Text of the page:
(1) A court may only refuse to recognise or enforce a foreign arbitral award if-

(a) the court finds that-


(ii) the recognition or enforcement of the award is contrary to the public policy of the Republic”.

[23] GFE assails the application and opposes it on a limited ground, that is, section 18(1)(a)(ii). GFE contend that this court is precluded from making the award an order of court if the recognition or enforcement is contrary to the public policy of the Republic. Counsel for GFE submitted that the court should refuse to make the award an order of court so that the order does not contravene the law relating to schemes evading income tax on the basis that it is public policy that companies must fully declare their trading affairs to the authorities.

[24] According to GFE, after Momoco launched this application, GFE obtained an expert accountants’ report from Smith and Williamson dated 11 March 2022, in which they opined that there is no sufficient evidence to support the conclusion that Momoco was engaging in a reportable tax scheme as might be understood by United Kingdom law, although Momoco had failed to file appropriate accounts which have implications for its tax compliance status. With this advice, on GFE's own version, there is no finding of any tax evasion by Momoco. The “tax evasion” defence was raised and considered by the arbitral panel but found to be irrelevant to the dispute.

[25] In its Preamble, POCA makes plain that the rapid growth of organised crime, money laundering and criminal gang activities nationally and internationally is an international security threat. It recognises further that “organised crime, money laundering and criminal gang activities infringe on the rights of the people as enshrined in the Bill of Rights”. POCA was enacted inter alia “to introduce measures to combat organised crime, money laundering and criminal gang activities; to prohibit certain activities relating to racketeering activities; to provide for the prohibition of money laundering and [to create] an obligation to report certain information; to criminalise certain activities associated with gangs; to provide for the recovery of the proceeds of unlawful activity; for the civil forfeiture of criminal property that has been used to commit an offence…”. Sections 4-8 of POCA deal with offences relating to proceeds of unlawful activities.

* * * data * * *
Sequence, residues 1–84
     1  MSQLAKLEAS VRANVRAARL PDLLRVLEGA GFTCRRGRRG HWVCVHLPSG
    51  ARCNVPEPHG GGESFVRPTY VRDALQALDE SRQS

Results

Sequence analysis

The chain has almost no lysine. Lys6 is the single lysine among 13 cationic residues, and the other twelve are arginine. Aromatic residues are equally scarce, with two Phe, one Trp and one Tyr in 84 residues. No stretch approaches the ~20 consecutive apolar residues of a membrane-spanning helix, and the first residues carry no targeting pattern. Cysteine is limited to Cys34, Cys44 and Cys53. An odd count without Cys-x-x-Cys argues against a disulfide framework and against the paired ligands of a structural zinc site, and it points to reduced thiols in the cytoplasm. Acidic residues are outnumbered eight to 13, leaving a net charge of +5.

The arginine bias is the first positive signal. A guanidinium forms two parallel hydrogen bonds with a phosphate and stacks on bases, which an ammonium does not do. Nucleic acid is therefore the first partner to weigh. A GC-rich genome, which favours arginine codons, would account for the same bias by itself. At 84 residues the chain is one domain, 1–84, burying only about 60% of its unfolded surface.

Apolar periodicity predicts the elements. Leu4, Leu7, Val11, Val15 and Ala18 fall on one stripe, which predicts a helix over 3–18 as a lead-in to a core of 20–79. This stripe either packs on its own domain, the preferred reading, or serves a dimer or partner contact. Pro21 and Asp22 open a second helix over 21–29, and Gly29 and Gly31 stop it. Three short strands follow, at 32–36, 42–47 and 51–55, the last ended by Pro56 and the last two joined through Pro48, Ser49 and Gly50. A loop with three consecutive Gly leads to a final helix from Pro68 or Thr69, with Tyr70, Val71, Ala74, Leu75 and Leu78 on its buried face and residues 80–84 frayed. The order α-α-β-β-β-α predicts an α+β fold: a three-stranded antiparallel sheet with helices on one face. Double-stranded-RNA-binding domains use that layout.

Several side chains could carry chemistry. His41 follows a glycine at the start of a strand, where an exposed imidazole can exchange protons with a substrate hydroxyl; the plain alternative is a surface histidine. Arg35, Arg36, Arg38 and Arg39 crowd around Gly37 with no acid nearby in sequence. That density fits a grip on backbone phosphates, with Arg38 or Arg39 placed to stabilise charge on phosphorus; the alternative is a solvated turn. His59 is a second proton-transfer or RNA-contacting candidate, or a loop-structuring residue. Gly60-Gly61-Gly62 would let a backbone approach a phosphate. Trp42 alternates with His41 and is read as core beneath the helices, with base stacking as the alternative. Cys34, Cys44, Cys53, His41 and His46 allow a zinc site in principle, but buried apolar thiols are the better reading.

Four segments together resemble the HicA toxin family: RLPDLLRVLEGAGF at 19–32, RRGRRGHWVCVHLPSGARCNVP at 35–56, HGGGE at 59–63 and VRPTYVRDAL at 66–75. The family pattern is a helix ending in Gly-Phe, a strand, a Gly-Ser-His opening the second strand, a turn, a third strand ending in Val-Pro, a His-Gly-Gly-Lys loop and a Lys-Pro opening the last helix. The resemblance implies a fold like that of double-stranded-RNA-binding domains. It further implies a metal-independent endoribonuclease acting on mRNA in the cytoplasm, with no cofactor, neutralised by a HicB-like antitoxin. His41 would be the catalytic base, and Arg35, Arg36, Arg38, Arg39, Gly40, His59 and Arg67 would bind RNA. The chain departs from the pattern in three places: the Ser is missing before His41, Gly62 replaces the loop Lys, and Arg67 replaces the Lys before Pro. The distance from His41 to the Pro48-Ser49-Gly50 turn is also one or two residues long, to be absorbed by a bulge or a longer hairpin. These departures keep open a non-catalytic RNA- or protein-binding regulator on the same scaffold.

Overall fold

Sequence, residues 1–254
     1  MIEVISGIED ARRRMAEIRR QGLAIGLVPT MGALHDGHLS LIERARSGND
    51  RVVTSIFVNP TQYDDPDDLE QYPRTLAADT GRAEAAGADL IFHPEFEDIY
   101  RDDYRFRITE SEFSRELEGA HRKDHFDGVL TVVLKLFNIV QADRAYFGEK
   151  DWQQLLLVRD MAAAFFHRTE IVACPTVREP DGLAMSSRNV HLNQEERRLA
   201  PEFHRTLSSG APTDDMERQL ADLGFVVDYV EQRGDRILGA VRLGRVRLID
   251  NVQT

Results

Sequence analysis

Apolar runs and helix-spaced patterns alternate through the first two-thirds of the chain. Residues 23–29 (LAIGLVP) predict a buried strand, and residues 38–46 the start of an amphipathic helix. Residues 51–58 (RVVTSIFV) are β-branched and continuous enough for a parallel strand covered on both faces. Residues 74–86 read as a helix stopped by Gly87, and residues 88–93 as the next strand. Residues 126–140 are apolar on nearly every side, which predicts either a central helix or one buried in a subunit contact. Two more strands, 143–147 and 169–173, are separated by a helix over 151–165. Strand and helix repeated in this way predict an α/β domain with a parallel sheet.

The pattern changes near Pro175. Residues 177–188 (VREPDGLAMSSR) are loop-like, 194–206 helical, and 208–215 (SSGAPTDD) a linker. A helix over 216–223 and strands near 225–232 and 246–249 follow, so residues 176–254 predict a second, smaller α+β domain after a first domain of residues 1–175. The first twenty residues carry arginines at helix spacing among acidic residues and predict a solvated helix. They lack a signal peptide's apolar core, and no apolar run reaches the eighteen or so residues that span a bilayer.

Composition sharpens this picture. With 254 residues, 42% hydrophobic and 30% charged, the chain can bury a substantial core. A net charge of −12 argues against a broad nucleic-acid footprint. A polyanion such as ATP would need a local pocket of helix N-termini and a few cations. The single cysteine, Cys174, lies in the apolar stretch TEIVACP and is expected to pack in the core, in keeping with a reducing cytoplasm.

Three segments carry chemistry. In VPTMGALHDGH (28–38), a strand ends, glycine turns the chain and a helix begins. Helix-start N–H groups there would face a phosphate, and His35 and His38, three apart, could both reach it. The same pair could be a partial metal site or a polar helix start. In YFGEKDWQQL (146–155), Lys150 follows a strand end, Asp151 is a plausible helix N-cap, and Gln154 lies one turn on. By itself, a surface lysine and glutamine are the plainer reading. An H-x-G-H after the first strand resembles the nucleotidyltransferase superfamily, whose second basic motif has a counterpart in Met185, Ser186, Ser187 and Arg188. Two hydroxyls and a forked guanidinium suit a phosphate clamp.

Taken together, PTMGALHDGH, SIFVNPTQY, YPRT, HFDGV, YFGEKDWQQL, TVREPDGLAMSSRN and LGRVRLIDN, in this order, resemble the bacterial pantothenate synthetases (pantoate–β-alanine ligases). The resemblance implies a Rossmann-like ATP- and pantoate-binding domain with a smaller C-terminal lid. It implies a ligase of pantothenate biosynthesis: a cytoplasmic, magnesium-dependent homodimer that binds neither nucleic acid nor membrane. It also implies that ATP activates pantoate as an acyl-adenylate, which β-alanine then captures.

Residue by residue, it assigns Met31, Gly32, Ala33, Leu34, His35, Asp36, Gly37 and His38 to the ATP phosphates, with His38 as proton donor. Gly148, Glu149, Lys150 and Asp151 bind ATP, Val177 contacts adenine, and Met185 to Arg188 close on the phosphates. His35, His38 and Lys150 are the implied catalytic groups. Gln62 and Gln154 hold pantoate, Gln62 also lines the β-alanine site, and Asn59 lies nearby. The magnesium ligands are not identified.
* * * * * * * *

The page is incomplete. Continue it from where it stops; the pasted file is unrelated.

[26] Section 5 of POCA that GFE relies upon provides that -

Any person who knows or ought reasonably to have known that another person has obtained the proceeds of unlawful activities, and who enters into any agreement with anyone or engages in any arrangement or transaction whereby-

(a) the retention or the control by or on behalf of the said other person of the proceeds of unlawful activities is facilitated; or

(b) the said proceeds of unlawful activities are used to make funds available to the said other person or to acquire property on his or her behalf or to benefit him or her in any other way,

shall be guilty of an offence.”